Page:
Geologic signature of early Tertiary ridge subduction in Alaska

Geological Society of America Special Papers
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Abstract

A mid-Paleocene to early Eocene encounter between an oceanic spreading center and a subduction zone produced a wide range of geologic features in Alaska. The most striking effects are seen in the accretionary prism (Chugach–Prince William terrane), where 61 to 50 Ma near-trench granitic to gabbroic plutons were intruded into accreted trench sediments that had been deposited only a few million years earlier. This short time interval also saw the genesis of ophiolites, some of which contain syngenetic massive sulfide deposits; the rapid burial of these ophiolites beneath trench turbidites, followed immediately by obduction; anomalous high-T, low-P, near-trench metamorphism; intense ductile deformation; motion on transverse strike-slip and normal faults; gold mineralization; and uplift of the accretionary prism above sea level. The magmatic arc experienced a brief flare-up followed by quiescence. In the Alaskan interior, 100 to 600 km landward of the paleotrench, several Paleocene to Eocene sedimentary basins underwent episodes of extensional subsidence, accompanied by bimodal volcanism. Even as far as 1000 km inboard of the paleotrench, the ancestral Brooks Range and its foreland basin experienced a pulse of uplift that followed about 40 million years of quiescence.

All of these events - but most especially those in the accretionary prism - can be attributed with varying degrees of confidence to the subduction of an oceanic spreading center. In this model, the ophiolites and allied ore deposits were produced at the soon-to-be subducted ridge. Near-trench magmatism, metamorphism, deformation, and gold mineralization took place in the accretionary prism above a slab window, where hot asthenosphere welled up into the gap between the two subducted, but still diverging, plates. Deformation took place as the critically tapered accretionary prism adjusted its shape to changes in the bathymetry of the incoming plate, changes in the convergence direction before and after ridge subduction, and changes in the strength of the prism as it was heated and then cooled. In this model, events in the Alaskan interior would have taken place above more distal, deeper parts of the slab window. Extensional (or transtensional) basin subsidence was driven by the two subducting plates that each exerted different tractions on the upper plate. The magmatic lull along the arc presumably marks a time when hydrated lithosphere was not being subducted beneath the arc axis. The absence of a subducting slab also may explain uplift of the Brooks Range and North Slope: Geodynamic models predict that longwavelength uplift of this magnitude will take place far inboard from Andean-type margins when a subducting slab is absent. Precise correlations between events in the accretionary prism and the Alaskan interior are hampered, however, by palinspastic problems. During and since the early Tertiary, margin-parallel strike-slip faulting has offset the near-trench plutonic belt - i.e., the very basis for locating the triple junction and slab window - from its backstop, by an amount that remains controversial.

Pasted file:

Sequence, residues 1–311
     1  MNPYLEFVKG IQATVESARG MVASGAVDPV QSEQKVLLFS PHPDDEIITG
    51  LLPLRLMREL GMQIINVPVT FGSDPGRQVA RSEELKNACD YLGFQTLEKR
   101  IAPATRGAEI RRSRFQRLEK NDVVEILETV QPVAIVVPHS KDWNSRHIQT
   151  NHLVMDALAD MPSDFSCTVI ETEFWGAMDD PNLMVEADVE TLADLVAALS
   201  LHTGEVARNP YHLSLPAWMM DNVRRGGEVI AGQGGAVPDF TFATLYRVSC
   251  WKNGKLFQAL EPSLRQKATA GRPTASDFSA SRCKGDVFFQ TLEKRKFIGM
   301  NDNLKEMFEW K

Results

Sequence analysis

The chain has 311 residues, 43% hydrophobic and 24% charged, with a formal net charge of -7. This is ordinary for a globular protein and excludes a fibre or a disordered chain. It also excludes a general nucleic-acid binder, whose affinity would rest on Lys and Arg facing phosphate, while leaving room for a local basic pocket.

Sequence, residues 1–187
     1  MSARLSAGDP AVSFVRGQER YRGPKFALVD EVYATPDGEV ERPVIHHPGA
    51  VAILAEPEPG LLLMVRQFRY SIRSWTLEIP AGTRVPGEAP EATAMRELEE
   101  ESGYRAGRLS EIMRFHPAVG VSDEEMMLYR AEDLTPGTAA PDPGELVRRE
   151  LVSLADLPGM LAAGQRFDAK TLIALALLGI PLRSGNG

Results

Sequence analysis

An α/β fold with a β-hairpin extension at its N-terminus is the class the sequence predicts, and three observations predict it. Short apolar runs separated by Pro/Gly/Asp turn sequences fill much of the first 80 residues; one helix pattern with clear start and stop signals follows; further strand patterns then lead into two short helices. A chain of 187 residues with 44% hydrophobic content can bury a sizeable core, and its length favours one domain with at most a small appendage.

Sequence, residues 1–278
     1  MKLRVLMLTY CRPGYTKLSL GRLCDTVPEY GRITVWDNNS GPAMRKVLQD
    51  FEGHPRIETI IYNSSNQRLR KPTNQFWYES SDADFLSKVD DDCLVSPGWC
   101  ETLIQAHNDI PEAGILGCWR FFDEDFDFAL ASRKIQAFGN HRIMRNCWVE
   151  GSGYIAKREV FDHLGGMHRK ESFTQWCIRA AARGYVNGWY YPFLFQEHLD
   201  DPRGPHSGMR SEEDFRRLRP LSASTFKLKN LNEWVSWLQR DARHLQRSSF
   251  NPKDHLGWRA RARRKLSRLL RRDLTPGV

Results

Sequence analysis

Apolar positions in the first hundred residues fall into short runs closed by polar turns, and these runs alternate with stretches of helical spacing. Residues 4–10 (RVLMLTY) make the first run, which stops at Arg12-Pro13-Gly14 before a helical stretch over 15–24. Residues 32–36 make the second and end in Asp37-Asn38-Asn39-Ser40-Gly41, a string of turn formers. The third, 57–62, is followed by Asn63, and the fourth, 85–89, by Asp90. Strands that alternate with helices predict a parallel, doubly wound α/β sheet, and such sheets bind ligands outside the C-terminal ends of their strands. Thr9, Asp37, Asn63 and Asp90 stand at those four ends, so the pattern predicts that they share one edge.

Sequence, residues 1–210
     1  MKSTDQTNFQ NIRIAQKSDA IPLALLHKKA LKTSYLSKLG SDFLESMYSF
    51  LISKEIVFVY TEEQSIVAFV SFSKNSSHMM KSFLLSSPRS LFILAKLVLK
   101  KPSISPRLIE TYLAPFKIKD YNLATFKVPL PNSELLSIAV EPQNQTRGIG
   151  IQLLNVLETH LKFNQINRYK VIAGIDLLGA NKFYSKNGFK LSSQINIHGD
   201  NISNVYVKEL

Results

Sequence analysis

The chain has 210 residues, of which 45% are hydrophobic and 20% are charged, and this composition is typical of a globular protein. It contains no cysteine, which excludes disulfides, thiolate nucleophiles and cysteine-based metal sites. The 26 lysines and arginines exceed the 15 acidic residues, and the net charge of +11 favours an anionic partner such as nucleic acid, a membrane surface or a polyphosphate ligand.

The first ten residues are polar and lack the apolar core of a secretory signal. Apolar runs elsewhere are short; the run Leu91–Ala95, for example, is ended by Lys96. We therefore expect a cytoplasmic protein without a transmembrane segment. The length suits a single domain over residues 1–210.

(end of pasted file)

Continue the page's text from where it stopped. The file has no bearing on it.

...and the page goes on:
Near-trench magmatism began at 61 Ma at Sanak Island in the west but not until 51 Ma at Baranof Island, 2200 km to the east. A west-to-east age progression suggests migration of a trench-ridge-trench triple junction, which we term the Sanak-Baranof triple junction. Most workers have held that the subducted ridge separated the Kula and Farallon plates. As a possible alternative, we suggest that the ridge may have separated the Kula plate from another oceanic plate to the east, which we have termed the Resurrection plate.

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Additional publication details

Publication type Article
Publication Subtype Journal Article
Title Geologic signature of early Tertiary ridge subduction in Alaska
Series title Geological Society of America Special Papers
DOI 10.1130/0-8137-2371-X.19
Volume 371
Year Published 2003
Language English
Publisher Geological Society of America
Contributing office(s) Central Mineral and Environmental Resources Science Center, Alaska Science Center Geology Minerals, Alaska Science Center
Description 31 p.
First page 19
Last page 49
Country United States
State Alaska